A U.S. World War II-era bomb discovery caused the evacuation of 1,300 people from downtown Hong Kong over the weekend.
A construction worker found the bomb at 7:40 a.m. on Saturday, Jan. 27, almost 50 feet underground at a construction site for a $11.17 billion transportation project, the Daily Mail reported.
The bomb is believed to have been dropped by the U.S. when Japan occupied Hong Kong during by World War II.
Specialists worked overnight to secure the area and then dismantle the bomb. They managed to complete the task today by 1 p.m. local time on Sunday, according to the Daily Mail.
The 1,000-lb. bomb contained almost 500 pounds of explosives, and the diffusion process took 12 hours. Areas normally teeming with traffic were closed while bomb experts worked to defuse the bomb, according to Hong Kong-based South China Morning Post.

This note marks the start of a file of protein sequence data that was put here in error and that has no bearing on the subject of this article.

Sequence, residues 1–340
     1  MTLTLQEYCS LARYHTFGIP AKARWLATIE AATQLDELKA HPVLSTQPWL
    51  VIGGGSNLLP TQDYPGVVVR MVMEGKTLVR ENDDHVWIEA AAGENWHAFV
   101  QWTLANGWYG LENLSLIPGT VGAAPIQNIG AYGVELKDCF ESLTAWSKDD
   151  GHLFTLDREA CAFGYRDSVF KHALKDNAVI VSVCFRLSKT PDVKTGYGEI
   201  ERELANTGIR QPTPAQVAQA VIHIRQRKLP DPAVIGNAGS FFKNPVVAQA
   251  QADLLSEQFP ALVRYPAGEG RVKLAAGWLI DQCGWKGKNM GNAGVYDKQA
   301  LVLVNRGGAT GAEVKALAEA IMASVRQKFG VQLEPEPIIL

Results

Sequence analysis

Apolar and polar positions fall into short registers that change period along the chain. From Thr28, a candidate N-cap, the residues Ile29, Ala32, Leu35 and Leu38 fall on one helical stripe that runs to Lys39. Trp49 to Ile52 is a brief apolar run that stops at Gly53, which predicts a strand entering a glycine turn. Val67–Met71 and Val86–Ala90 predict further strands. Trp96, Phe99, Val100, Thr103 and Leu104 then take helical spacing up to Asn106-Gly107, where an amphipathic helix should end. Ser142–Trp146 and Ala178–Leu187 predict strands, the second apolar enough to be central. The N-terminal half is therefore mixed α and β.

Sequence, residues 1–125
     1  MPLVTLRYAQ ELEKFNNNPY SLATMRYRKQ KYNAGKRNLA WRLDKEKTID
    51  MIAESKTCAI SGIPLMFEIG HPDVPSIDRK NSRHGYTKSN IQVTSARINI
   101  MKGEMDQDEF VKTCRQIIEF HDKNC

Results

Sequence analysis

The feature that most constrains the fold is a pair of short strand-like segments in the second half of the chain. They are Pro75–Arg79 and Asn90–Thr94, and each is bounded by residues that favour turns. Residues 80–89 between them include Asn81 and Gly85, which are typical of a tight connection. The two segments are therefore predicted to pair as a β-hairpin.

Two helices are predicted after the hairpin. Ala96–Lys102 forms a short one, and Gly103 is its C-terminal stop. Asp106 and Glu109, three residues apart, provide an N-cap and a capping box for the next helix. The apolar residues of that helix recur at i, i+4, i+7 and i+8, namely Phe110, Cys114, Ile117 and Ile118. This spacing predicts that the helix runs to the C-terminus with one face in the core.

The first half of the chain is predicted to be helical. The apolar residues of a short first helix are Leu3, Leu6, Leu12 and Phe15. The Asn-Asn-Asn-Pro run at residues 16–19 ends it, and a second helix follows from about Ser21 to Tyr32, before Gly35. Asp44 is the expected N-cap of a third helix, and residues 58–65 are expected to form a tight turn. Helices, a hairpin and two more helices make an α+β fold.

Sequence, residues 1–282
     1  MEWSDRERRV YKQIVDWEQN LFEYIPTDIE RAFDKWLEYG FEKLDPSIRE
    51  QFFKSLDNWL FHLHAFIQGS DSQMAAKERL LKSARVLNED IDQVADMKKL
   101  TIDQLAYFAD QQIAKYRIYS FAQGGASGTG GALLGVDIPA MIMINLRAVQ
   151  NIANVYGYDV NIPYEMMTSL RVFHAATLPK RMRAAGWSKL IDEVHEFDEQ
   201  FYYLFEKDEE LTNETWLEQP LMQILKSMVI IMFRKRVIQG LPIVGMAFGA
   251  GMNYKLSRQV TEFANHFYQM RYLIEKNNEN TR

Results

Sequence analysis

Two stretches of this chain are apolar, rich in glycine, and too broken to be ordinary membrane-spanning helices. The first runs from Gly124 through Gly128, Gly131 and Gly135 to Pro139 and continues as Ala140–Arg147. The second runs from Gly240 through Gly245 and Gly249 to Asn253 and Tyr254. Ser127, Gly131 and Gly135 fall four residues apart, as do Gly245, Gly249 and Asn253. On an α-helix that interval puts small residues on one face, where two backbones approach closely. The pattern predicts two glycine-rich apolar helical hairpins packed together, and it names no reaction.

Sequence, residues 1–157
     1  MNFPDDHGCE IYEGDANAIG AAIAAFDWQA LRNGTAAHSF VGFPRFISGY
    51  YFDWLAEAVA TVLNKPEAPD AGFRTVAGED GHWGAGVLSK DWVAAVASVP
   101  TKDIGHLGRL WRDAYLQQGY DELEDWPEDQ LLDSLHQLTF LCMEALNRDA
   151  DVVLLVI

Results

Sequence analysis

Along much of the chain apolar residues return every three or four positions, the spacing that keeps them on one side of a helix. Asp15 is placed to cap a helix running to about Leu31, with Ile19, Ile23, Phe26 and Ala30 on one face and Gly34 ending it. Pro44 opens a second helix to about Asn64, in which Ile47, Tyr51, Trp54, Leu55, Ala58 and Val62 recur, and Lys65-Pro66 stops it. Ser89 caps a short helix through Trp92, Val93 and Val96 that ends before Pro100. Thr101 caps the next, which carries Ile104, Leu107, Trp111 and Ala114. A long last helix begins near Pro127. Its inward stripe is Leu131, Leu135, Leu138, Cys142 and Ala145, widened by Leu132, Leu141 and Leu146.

The bomb was around 4.5 ft. long and 1.5 ft. in diameter.
If the ANM-65 model bomb had exploded, it could have affected people up to about 1.2 miles away, senior bomb disposal officer Tony Chow Shek-kin told the South China Morning Post.
It’s not the first time a wartime bomb has been found in Hong Kong, but finding one in the central part of the city is rare, according to the South China Morning Post.
Japan attacked Hong Kong on Dec. 8, 1941, one day after it attacked the United States military base at Pearl Harbor. The British surrendered Hong Kong to Japan on Christmas Day the same year. Japan ruled Hong Kong for over three years until World War II ended in 1945.